Passing the PgMP Examination
Once your application is approved, you’re on your way to a 170-question, four-hour exam. That’s right[md]it’s a four-hour exam. You can breathe a sigh of relief, though: Only 150 questions count towards your score. The remaining 20 questions are considered seeded questions that are sprinkled throughout the exam. You won’t know if you’re answering a live question or a seeded question, and the pool of responses helps PMI determine the validity of the seeded questions for future test takers.
The exam is delivered through Prometric Testing Centers, and PMI will give you exact directions on how to find and schedule a testing center near you once you’re approved for the exam. You’ll receive an Authorization to Test Letter (seriously, that’s what it’s called) from PMI. The letter will provide a secret code and a phone number to coordinate your exam time with Prometric.
When you enter the testing center, you’re given two pencils, five sheets of blank paper, and some earplugs. You’ll log on to a computer with the help of the exam proctor, and then you’re on your own. A quick tutorial will show you how to use the exam software, but if you’ve ever played solitaire on your computer you should be bright enough to handle things. The tutorial does not eat into your exam time.
Once the exam officially starts, a timer begins counting down your remaining hours, minutes, and seconds. (Um, that’s remaining in the exam, not your life.) You can take breaks, do yoga, even do some silent hambone if you want to, but you can’t stop the exam timer once the exam begins.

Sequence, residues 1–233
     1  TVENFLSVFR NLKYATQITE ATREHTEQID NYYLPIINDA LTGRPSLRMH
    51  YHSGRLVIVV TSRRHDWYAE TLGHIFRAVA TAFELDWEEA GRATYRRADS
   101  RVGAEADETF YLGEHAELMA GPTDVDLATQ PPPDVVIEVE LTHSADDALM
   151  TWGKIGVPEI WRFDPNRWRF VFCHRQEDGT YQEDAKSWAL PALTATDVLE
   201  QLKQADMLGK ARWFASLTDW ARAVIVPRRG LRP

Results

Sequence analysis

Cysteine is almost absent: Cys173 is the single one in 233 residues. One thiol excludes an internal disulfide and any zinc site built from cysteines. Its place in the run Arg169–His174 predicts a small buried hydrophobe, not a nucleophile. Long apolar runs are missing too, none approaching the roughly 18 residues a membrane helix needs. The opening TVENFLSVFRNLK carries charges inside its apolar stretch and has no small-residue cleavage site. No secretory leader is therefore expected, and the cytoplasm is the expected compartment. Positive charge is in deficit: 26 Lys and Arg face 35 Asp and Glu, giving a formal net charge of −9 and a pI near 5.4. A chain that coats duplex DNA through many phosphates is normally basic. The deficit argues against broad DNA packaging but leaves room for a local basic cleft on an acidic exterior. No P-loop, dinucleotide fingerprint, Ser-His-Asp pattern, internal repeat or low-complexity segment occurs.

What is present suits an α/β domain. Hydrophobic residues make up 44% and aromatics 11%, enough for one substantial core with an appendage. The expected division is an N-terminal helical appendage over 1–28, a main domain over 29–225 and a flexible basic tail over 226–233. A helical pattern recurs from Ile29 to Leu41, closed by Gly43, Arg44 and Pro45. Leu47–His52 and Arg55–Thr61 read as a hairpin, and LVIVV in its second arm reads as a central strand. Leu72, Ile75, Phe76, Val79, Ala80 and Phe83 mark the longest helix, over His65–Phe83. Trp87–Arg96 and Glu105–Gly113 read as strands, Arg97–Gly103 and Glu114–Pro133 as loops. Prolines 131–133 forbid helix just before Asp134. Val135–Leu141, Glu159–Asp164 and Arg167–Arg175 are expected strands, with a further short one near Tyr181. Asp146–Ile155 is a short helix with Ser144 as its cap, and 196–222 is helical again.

When you complete the exam, your answers are tabulated and you’re given some immediate feedback. Basically you’ll know in a matter of minutes whether you passed or didn’t. It’s the longest few minutes of your life. Once you pass, you’d assume that you’re now officially a PgMP, but that’d be a bad assumption.
Completing the Multi-Rater Assessment
Once you pass the PgMP examination (congrats, by the way), you still have one last hurdle before you’re in the club: the multi-rater assessment (MRA) process. The MRA is like a 360-degree performance assessment of your work as a program manager. You must choose a supervisor, four colleagues, four direct reports, and three professional references to all review your performance as a program manager. That’s right: You get to pick the people doing the review.
The survey these people will complete about you has 70 questions about your role as a program manager. Each question will rank some aspect of your performance on a scale of 1 to 5, with 5 being the most favorable.
Once this MRA is complete and PMI approves the reviews completed about you, you’re officially a PgMP. You’ll have to maintain your PgMP status by earning 60 Professional Development Units (PDUs) per three-year certification cycle. A PDU is basically an hour of continuing education, though you can earn PDUs for volunteer work, contributing to the project management knowledge base, and other activities. Incidentally, if you’re also a Project Management Professional, you can maintain both certifications at once with just 60 PDUs.